A blog by runners. For runners.

Running tips for new moms: finding balance

Finding running balance as a new mom can be tough — especially if its your first child. Resisting the temptation to get back into shape and chase down PR goals right off the bat can be a challenge.

finding-running-balance-as-a-new-mom

The writer with her family.

However, it’s important in the first year of your child’s life to ease back into physical activities and racing.

A little background on me: I ran throughout my entire pregnancy — 5 days per week. Of course, the runs changed in distance and intensity as I approached my due date but I still did them. I also did Pilates and Yoga 3 times per week. And I started running 4 days after having my son. So I’m not  advocating sitting on the couch. But I am saying recover. And, do it well. Here are some additional running tips for new moms:

  1. Take a look at your pregnancy fitness and start there. If you were active, you can probably continue with that for the first 6 weeks, always checking with your doctor. If you were sitting on the couch, take it slow. Add a few walks per month rather than focusing on the week at hand. Each week will have its new crazy when you are anew mom.
  2. Don’t set race goals. I’m sure there are plenty of moms out there who disagree but setting a strict time goal in the first year of your child’s life may put too much stress and pressure on you. That’s not to say you shouldn’t train or run races. I ran two half marathons 5 months postpartum. But this might not be the right time to set PR goals. Just relax and enjoy. You still have plenty of time to PR!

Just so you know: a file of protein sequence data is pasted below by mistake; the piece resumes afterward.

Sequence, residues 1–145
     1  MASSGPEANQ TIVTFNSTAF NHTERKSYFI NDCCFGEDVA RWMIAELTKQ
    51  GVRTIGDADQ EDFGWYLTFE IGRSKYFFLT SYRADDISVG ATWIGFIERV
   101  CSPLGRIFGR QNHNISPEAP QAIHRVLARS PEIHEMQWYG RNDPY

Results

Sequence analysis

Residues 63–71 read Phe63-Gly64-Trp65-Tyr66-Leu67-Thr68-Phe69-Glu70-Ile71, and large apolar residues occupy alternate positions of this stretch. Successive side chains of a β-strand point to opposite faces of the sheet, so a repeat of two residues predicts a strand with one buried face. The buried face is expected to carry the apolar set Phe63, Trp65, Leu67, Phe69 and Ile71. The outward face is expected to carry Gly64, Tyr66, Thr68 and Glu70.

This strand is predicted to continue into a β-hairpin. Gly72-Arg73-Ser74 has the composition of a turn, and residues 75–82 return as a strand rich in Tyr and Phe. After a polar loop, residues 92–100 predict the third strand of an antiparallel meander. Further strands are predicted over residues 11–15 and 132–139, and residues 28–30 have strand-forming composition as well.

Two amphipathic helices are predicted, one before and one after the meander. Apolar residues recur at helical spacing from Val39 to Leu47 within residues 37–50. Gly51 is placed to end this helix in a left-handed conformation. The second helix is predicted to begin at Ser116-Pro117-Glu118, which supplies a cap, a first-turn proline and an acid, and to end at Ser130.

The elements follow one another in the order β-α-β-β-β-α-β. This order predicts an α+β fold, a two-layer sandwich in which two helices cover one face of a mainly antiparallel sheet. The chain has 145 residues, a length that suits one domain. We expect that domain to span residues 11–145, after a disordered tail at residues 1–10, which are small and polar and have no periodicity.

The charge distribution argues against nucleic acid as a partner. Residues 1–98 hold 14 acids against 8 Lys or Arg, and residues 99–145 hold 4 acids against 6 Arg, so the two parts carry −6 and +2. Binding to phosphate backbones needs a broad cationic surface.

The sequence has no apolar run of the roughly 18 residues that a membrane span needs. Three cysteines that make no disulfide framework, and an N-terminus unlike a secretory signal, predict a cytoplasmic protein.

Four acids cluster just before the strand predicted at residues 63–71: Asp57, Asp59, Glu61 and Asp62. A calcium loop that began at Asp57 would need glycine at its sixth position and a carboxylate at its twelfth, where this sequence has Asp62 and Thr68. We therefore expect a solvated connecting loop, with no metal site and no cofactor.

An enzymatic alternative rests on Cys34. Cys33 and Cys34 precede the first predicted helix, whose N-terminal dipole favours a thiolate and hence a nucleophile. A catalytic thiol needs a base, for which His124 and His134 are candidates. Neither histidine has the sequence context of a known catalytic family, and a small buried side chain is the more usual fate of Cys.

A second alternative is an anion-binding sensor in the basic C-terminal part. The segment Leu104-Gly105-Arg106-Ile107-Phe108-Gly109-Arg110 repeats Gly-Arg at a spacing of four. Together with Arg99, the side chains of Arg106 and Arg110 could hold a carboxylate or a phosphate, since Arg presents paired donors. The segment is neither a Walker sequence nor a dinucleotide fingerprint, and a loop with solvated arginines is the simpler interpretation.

3. Expect setbacks. It takes a good 6 to 9 months for your baby to figure out the ins and outs of this world. You can expect interrupted sleep, frequent schedule changes, and the unexpected. Planning a training cycle before your baby turns one can be more frustrating than enjoyable. Going with the flow in the first year is more likely to keep you rested, healthy, and  happy when running.
  4. Focus on healthy eating rather than running. Often women want to rush back into running to burn calories and fit back into their skinny jeans — I’m completely guilty of that one! But focusing on eating healthy nutritious foods rather than increasing mileage will yield better results. And if you are breastfeeding, food for you fuels the production of food for your baby.
  5. Slow and steady wins the race. Stress fractures, muscular strains, and frequent sickness are all common results of doing too much too fast after pregnancy. In order to stay in the game, take your time. Increasing intensity, or duration, or frequency of your runs more than once per week could lead to the above.

Always consult your physician after giving birth to discuss appropriate physical activity guidelines. Stay positive about your experience as a new mom and be willing to put your running goals on the back burner. And do not stress — you will be back up and running soon enough, possibly even faster and further than before!

Written by Danielle Bressoud.

Related: